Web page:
Japan’s path to the Rio de Janeiro Olympics got off to a nightmarish start as the former world champions went down 3-1 at the hands of Australia in a women’s Asian final qualifier on Monday.

Australia exacted sweet revenge for its defeat to Japan at last year’s Women’s World Cup behinds goals from Lisa de Vanna, Michelle Heyman and Katrina Gorry on a freezing evening at Kincho Stadium.

Yuki Ogimi struck in first-half injury time for Japan, which must quickly regroup by Wednesday when it faces South Korea.

South Korea drew 1-1 with North Korea at neighboring Nagai Stadium, where China also beat Vietnam in the six-team, round-robin qualifying competition. The top two book a place at Rio this summer.

In a rematch of the World Cup quarterfinal which Japan won 1-0 en route to the final, Australia deservedly went ahead after 26 minutes through de Vanna with the hosts looking shaky defensively early on, especially goalkeeper Erina Yamane.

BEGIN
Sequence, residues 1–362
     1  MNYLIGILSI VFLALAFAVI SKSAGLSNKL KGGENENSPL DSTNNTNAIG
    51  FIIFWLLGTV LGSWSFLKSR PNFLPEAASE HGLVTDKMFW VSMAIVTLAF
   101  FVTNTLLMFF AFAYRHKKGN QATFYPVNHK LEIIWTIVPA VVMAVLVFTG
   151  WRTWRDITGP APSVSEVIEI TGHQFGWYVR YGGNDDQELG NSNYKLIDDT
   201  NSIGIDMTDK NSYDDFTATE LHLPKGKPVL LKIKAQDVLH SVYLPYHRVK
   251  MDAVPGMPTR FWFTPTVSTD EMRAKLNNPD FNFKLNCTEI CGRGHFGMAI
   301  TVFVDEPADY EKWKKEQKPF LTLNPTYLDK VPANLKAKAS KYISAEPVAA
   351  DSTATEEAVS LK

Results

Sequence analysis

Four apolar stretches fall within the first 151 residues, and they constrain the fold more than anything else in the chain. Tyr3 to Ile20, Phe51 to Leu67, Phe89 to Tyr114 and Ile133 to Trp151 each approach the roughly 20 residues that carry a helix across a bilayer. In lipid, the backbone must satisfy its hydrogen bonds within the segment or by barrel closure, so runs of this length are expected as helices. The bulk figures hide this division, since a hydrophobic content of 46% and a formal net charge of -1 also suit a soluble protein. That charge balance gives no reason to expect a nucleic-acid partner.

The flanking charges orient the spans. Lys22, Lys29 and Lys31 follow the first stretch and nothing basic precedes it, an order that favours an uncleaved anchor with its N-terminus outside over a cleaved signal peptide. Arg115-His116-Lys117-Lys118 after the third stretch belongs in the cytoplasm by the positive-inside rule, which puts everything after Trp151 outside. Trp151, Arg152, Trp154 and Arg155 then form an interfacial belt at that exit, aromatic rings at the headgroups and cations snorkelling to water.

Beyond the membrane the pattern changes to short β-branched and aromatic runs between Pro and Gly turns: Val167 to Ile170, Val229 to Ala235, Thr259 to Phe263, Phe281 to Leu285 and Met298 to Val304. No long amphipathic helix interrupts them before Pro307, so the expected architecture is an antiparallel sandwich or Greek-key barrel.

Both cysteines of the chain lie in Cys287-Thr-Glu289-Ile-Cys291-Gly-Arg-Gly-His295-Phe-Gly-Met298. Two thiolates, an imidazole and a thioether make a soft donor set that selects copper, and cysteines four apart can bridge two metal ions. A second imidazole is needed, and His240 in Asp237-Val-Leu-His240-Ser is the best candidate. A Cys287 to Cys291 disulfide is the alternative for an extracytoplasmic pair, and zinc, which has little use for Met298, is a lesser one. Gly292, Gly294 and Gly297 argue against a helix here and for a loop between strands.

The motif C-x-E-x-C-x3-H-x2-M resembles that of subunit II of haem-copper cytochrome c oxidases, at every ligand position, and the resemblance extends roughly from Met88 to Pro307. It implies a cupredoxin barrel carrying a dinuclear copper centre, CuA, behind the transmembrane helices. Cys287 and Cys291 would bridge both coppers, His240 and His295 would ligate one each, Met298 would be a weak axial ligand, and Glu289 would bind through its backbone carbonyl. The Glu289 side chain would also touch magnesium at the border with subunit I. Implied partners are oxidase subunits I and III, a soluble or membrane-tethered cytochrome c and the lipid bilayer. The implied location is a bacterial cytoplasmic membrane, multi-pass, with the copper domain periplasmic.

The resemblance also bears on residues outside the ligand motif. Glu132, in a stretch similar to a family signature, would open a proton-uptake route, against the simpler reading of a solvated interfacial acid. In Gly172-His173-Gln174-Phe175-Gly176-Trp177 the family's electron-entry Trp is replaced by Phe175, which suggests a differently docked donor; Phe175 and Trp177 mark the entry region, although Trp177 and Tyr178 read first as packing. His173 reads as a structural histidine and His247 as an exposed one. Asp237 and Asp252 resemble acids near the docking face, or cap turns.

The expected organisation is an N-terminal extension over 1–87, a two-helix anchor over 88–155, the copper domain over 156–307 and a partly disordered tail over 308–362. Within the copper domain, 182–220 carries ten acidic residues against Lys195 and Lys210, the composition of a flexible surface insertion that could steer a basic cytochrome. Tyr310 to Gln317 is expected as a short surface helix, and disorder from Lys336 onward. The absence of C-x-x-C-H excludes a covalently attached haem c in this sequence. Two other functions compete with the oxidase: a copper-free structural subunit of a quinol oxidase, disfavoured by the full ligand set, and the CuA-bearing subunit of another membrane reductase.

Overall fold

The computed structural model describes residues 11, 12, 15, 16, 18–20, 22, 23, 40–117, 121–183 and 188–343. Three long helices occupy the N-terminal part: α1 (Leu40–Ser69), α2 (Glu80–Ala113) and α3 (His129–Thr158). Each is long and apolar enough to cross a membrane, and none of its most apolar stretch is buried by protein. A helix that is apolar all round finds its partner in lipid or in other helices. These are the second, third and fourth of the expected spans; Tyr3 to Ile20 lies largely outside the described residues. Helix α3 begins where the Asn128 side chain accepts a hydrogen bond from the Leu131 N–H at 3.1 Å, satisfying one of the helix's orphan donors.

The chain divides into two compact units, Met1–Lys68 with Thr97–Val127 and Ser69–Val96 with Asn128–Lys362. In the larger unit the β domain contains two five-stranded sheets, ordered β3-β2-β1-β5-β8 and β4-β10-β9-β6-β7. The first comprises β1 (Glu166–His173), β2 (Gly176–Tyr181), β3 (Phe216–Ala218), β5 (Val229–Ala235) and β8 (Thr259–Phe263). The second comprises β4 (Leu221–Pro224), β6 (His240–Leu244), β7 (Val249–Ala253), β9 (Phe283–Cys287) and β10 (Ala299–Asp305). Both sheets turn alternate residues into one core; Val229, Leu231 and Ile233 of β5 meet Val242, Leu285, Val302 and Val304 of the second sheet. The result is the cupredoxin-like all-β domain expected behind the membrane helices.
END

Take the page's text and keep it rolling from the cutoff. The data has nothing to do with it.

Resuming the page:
Former women’s Asian Player of the Year Gorry set the table with a cross from the right for de Vanna, who nodded past Yamane virtually uncontested from the heart of the area.

Alanna Kennedy came within inches of doubling the lead in the 34th minute, when she buzzed the post with a free kick from 20 meters out.

Japan coach Norio Sasaki could bear no longer as he made his first substitution in the 39th minute, sending his tried and trusted striker Shinobu Ono to the bench for Kumi Yokoyama.

Japan’s deficit worsened four minutes to the break with some misfortune. Mizuho Sakaguchi’s pass in midfield went off the back of referee Carina Vitulano, igniting a short counter for the Australians.

De Vanna turned creator this time, sending through Heyman who neatly finished off the sequence.

Japan did well to close the gap just before halftime, Ogimi netting from point-blank range in the second minute of stoppage time, and Sasaki’s side poured it on from the start of the second half in search of the equalizer.

But the Matildas hit Japan once again after 79 minutes, when Gorry headed home by the far post unchallenged from Emily van Egmond’s well-flighted, rightwing cross.

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